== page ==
It was a dark and stormy night. Wellington’s infamous wind was crashing through the trees and whistling around the rooftops. I was lying awake, wondering if this would be the night that the roof finally came off, every creak of a nail a potential disaster. Little sleep was happening so I got up and had a look out into the back yard to see what effect the wind was having on the garden. I was greeted by the fig tree, bent over at the base of the trunk, flailing round like a whirling dervish, having broken free from the hessian straps that were holding it against the retaining wall. I pretended I hadn’t seen it and went back to bed and finally to sleep.
When I got up the next morning, I feared the worst. I expected the fig tree to have snapped off at the base and be in the neighbours backyard. Luckily it was still attached, just bent over and a bit worse for wear. Hubby pushed it back up and tied it back against the retaining wall and said that it might die as the trunk was damaged.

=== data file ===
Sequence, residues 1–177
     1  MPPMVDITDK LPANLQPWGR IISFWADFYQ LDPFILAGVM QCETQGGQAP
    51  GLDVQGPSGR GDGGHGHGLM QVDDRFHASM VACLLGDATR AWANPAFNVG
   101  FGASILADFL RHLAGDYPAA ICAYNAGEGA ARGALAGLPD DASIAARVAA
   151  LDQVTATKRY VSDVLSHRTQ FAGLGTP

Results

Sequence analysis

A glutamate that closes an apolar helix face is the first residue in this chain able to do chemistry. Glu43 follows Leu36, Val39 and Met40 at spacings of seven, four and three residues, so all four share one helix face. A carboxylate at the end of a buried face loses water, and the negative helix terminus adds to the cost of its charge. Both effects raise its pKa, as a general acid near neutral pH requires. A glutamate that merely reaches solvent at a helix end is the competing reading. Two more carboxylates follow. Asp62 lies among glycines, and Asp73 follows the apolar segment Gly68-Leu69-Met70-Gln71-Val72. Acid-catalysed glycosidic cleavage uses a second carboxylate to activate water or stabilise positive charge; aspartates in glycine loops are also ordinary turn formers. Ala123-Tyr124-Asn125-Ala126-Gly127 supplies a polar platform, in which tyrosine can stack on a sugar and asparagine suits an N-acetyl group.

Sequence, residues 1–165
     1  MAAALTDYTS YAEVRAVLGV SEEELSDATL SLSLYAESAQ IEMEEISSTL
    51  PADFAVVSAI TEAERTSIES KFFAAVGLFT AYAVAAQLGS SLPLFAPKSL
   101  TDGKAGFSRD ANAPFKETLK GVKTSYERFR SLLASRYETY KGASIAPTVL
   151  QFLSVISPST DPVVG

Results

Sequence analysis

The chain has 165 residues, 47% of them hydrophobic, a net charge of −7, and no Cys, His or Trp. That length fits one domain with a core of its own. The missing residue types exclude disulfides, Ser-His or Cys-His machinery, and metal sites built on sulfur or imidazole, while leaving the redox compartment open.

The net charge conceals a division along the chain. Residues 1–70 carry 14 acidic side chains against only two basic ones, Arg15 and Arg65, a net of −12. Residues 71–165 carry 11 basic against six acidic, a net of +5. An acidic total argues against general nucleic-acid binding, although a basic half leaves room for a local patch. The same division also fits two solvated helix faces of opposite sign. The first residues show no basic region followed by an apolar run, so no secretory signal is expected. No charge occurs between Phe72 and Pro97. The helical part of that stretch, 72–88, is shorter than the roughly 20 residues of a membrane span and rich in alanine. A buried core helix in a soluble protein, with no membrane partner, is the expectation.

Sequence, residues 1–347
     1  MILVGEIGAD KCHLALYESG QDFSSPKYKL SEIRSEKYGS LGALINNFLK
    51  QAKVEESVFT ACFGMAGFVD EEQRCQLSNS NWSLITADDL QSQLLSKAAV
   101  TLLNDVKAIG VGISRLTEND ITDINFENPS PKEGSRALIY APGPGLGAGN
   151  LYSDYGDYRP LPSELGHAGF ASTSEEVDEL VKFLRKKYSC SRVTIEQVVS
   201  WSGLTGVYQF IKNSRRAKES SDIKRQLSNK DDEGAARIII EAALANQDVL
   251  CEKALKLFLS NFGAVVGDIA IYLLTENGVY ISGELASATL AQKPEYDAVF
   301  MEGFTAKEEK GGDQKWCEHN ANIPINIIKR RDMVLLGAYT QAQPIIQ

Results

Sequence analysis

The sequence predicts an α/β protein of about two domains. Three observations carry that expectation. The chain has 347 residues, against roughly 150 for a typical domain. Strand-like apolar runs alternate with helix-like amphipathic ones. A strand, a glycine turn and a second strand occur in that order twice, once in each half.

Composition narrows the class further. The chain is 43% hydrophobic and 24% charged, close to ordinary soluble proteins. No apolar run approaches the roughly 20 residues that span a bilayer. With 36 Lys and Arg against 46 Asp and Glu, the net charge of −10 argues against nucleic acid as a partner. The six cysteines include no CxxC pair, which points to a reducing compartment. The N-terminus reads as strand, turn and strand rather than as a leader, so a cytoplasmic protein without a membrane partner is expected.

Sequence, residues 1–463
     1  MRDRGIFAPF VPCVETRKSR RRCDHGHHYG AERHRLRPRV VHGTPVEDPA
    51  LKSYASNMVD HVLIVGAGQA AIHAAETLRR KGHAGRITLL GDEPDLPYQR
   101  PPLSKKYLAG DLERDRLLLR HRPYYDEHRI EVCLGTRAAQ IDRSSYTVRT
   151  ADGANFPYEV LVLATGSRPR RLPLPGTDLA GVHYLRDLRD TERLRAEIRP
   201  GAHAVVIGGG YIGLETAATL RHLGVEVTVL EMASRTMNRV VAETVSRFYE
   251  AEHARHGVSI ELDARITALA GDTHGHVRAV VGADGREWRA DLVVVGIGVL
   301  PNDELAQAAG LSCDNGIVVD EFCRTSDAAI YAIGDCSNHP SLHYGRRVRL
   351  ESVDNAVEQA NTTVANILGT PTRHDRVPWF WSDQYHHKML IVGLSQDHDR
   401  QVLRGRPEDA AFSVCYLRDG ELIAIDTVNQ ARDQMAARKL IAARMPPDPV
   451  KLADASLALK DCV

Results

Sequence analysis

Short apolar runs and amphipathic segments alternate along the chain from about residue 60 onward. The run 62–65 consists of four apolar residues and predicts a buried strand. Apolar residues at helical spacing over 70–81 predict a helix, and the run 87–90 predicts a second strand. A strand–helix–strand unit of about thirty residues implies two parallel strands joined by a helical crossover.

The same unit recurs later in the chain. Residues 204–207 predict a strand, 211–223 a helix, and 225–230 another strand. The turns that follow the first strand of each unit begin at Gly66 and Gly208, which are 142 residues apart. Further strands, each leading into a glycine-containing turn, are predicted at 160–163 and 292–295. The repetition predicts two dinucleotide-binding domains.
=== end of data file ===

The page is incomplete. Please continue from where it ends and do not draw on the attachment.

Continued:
Fast forward 4 months and the tree is absolutely groaning with fruit and we have had the most figs ever from it. I have given away more that I have eaten as I am the only one in the house that likes them and I couldn’t keep up. Maybe the trauma of the windy night combined with the hottest summer we have had for a while is just the recipe to get an abundant harvest from your fig tree. The waxeyes have certainly enjoyed feasting on them.
My favourite way to eat them is with blue cheese and they are delicious in porridge with a drizzle of honey. Now that autumn is here and the days are getting shorter, the leaves are starting to turn brown and drop to the ground, but I estimate one more big harvest from the tree this weekend and then that will be that until next year, when hopefully the sun shines and the wind blows (but not too hard) and the fig harvest will be just as abundant.